NYT: That Rush to Beat the Market

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NYT: That Rush to Beat the Market

Postby DA » Sun Apr 12, 2009 8:37 am

THE desire to beat the stock market is as American as baseball, apple pie and Warren Buffett.


So why do many investors persist in paying for actively managed funds, when cheaper index funds are likely to deliver higher net returns over time?

Some might attribute this behavior to the so-called Lake Wobegon effect, after the town in Garrison Keillor’s radio series, “A Prairie Home Companion,” where “all the women are strong, all the men are good-looking and all the children are above average.” There is a well-documented human quirk to overestimate one’s strengths — and that of trusted advisers — in the desire to be better, smarter and richer than ordinary. The trouble is that for investors, paying more for above-average returns may undercut profits.


Commentary on indexing vs active management in today's New York Times

http://www.nytimes.com/2009/04/12/busin ... ef=mutfund
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Postby bigH » Sun Apr 12, 2009 8:55 am

This highlights one of the failures of 401k: too many active funds. That is probably why 4.5 trillion in active is so high. I'll stick to my index.
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Postby Adrian Nenu » Sun Apr 12, 2009 9:21 am

This highlights one of the failures of 401k: too many active funds. That is probably why 4.5 trillion in active is so high. I'll stick to my index.


The three main failures of the 401k:

- high fees.

- lousy investment options (few index funds).

- incompetent advisers

Instead of chasing returns, investors should be managing risk in order to avoid big losses. They got killed twice in one decade and they still don't get it.

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Postby chaz » Sun Apr 12, 2009 11:11 am

With index funds, you must be content knowing you aren't going to beat the market.
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Postby stratton » Sun Apr 12, 2009 11:29 am

Index funds do beat the "market." You just have to redefine the "market."

If you define it as all investment returns by investors then anyone who does buy, hold and rebalance will "beat" the market. Even with 20/80 stocks/bonds because of everyone elses bad habits.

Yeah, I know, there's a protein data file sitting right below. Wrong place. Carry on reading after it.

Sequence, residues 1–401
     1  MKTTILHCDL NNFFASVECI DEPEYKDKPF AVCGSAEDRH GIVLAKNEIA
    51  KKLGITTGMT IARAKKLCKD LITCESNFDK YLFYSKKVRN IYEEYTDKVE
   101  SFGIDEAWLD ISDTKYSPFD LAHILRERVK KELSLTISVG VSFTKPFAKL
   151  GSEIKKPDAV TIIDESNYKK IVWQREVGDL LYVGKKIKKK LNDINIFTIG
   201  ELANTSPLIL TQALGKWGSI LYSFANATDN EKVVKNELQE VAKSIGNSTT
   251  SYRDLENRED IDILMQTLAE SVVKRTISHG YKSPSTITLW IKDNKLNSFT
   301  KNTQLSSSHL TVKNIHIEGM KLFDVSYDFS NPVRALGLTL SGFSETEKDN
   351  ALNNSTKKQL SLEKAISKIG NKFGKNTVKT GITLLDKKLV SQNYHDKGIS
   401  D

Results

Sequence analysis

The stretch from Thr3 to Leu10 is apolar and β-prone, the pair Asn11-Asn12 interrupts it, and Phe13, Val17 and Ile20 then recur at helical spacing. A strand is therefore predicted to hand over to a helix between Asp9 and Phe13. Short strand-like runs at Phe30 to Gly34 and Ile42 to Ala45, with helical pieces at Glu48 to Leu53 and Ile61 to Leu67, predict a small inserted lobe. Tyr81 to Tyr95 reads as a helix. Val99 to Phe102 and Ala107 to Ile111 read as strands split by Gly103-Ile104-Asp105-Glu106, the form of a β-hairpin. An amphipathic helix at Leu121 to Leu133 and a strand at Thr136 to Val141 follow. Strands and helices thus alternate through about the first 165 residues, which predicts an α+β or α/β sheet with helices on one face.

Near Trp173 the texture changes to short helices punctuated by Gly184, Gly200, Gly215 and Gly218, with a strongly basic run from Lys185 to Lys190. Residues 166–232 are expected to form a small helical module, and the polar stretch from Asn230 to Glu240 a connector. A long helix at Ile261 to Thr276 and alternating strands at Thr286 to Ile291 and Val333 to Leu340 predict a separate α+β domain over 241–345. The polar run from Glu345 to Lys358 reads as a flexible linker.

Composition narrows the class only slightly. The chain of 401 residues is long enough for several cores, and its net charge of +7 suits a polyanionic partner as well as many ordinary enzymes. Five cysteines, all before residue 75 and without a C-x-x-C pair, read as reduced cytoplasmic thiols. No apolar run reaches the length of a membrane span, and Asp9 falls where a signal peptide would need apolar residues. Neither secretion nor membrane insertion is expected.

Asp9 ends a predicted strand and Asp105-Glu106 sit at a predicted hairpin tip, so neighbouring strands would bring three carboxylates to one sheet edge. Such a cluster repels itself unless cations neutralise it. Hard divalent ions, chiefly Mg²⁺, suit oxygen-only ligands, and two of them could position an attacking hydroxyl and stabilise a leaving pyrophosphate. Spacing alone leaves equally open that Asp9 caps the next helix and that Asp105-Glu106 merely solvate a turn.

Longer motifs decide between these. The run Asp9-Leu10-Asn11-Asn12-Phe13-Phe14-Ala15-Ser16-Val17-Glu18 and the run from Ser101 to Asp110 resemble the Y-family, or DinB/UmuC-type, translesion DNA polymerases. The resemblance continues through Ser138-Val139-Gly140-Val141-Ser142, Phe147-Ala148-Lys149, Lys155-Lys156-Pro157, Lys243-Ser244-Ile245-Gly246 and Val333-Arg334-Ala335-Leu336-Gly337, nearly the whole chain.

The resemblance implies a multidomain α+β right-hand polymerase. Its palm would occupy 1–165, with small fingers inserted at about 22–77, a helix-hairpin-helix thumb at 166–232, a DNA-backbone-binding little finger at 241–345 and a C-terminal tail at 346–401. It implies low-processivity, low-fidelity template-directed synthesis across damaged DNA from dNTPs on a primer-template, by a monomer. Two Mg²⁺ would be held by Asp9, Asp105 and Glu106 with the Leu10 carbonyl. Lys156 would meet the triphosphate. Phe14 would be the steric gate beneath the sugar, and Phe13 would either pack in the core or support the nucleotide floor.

If you define it as the collective returns of all investors then anyone with the lowest fees "beats" the market.

If you define it as the Total Stock Market then a diversified asset allocation to cover global, style and size risks will give you a pretty good chance.

Paul
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Postby chaz » Sun Apr 12, 2009 11:35 am

stratton wrote:Index funds do beat the "market." You just have to redefine the "market."

If you define it as all investment returns by investors then anyone who does buy, hold and rebalance will "beat" the market. Even with 20/80 stocks/bonds because of everyone elses bad habits.

If you define it as the collective returns of all investors then anyone with the lowest fees "beats" the market.

If you define it as the Total Stock Market then a diversified asset allocation to cover global, style and size risks will give you a pretty good chance.

Paul


Paul, you are correct, of course, with the re-definition.
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Re: NYT: That Rush to Beat the Market

Postby unclemick » Sun Apr 12, 2009 12:08 pm

DA wrote:
THE desire to beat the stock market is as American as baseball, apple pie and Warren Buffett.


So why do many investors persist in paying for actively managed funds, when cheaper index funds are likely to deliver higher net returns over time?

Some might attribute this behavior to the so-called Lake Wobegon effect, after the town in Garrison Keillor’s radio series, “A Prairie Home Companion,” where “all the women are strong, all the men are good-looking and all the children are above average.” There is a well-documented human quirk to overestimate one’s strengths — and that of trusted advisers — in the desire to be better, smarter and richer than ordinary. The trouble is that for investors, paying more for above-average returns may undercut profits.


Commentary on indexing vs active management in today's New York Times